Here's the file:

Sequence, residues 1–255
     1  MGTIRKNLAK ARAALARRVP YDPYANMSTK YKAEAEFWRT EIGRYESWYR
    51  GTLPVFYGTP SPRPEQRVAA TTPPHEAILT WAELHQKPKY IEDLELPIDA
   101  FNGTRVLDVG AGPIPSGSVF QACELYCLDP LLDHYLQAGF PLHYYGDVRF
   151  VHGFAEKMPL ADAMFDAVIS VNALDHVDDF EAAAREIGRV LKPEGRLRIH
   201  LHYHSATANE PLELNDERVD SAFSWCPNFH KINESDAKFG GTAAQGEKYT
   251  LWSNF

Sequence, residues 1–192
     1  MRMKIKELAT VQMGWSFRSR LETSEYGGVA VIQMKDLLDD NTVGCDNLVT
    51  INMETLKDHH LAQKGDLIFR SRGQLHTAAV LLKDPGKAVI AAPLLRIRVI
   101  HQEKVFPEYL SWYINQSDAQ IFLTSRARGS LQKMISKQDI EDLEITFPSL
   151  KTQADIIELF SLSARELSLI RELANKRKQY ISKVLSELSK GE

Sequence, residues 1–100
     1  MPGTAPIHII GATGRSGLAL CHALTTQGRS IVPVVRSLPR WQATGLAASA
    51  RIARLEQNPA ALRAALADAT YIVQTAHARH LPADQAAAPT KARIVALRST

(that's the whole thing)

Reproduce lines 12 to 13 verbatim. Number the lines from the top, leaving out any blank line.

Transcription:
   151  KTQADIIELF SLSARELSLI RELANKRKQY ISKVLSELSK GE

Sequence, residues 1–100